1. To kill with electricity: a worker who was electrocuted by a high-tension wire.
      2. To execute (a condemned prisoner) by means of electricity.

      So we should electrocute them to death to death and until they are no longer livng, and also dead?
  • by arikb (106153) * on Friday May 20, 2005 @08:01AM (#12587606) Homepage
    The question is, can they prove someone has the infringing file, if they only transmit PART of the file?

    What bittorrent is about is being able to send very small but verifiably authentic parts of the file - but is that enough for them to prove the person has the infringing content?

    My guess is that this is going to be made into law in the US in the near future - that if they get a single BitTorrent packet from you that belongs to an infringing file, it's enough to convict you of a crime and haul your behind in jail.

    -- Arik

    • by syntap (242090) on Friday May 20, 2005 @08:10AM (#12587659)
      Let's say you get four friends and you each photocopy a fifth of the new Harry Potter book when it comes out, then stand outside and each sell your part for a dollar, in effect letting one person collect a fifth from each of you and get the whole book for $5 instead of the $12 or whatever the retail price will be.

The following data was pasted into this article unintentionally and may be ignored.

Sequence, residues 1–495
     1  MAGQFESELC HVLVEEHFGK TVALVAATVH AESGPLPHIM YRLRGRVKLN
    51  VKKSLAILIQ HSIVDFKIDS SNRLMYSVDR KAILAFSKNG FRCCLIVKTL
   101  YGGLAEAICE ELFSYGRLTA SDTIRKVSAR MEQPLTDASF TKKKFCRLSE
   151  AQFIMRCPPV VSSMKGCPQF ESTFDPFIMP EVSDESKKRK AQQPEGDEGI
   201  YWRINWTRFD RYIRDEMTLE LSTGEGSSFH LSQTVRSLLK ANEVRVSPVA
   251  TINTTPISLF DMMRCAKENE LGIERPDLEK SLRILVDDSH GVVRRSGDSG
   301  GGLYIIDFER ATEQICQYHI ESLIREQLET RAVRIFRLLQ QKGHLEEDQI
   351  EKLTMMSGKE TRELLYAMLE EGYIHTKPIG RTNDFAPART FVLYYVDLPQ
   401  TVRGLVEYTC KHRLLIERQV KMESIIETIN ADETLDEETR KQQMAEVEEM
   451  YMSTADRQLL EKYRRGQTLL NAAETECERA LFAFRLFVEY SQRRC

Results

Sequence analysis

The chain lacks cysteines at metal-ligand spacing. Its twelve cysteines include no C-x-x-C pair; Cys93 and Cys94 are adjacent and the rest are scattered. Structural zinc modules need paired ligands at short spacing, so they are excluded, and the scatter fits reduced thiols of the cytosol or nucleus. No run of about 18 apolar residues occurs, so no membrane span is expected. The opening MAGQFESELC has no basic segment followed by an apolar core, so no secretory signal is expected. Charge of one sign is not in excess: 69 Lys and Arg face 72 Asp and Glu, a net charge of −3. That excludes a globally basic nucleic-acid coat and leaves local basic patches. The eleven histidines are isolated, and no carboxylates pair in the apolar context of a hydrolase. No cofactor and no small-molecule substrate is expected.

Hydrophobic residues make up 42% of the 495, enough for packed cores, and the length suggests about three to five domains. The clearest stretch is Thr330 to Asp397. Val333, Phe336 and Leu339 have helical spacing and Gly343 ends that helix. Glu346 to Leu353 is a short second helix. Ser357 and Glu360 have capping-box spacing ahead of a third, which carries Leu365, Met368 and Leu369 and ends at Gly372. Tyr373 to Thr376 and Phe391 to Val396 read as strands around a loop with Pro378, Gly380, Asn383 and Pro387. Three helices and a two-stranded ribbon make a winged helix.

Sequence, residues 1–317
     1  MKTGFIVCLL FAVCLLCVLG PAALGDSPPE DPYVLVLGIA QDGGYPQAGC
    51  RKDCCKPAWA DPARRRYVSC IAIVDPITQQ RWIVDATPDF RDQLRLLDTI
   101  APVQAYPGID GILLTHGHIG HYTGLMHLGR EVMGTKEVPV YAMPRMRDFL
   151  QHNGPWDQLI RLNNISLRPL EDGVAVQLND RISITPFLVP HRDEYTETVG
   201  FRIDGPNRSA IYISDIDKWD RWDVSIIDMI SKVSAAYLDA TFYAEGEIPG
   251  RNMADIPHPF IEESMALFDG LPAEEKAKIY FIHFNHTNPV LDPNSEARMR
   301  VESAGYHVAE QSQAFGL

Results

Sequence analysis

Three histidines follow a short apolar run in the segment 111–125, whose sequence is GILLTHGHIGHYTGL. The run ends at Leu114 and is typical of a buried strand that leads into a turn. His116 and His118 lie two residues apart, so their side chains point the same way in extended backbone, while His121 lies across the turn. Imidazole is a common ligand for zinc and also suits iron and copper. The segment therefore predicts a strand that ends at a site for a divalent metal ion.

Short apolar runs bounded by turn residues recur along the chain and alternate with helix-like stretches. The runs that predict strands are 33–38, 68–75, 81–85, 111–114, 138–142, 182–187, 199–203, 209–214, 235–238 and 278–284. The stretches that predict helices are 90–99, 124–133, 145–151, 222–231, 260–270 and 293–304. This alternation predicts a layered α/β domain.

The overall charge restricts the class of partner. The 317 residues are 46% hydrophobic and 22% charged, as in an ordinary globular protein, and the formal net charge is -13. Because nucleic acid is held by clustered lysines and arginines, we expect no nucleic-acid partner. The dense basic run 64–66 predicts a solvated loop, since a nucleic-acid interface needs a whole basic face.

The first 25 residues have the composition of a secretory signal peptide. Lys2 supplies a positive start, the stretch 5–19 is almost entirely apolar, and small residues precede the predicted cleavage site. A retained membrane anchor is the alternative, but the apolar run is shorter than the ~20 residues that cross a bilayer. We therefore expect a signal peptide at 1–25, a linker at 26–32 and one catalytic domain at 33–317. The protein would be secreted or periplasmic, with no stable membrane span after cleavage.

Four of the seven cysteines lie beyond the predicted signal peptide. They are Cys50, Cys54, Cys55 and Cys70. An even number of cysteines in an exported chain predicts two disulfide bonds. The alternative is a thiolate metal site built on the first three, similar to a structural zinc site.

Is it your contention that by making only a part of a work available that you and your friends aren't infringing on a copyright? A "small but verifiably authentic" part of a file is content infringement just as much as a significant portion of a book would be.
      • Two dilemmas (Score:5, Interesting)

        by KrunZ (247479) on Friday May 20, 2005 @08:23AM (#12587755)
        But what if you and your 500,000 friends stand in line and each hold a letter and each will show it to people for $12/500,000 per letter. Are you infringing on the copyright?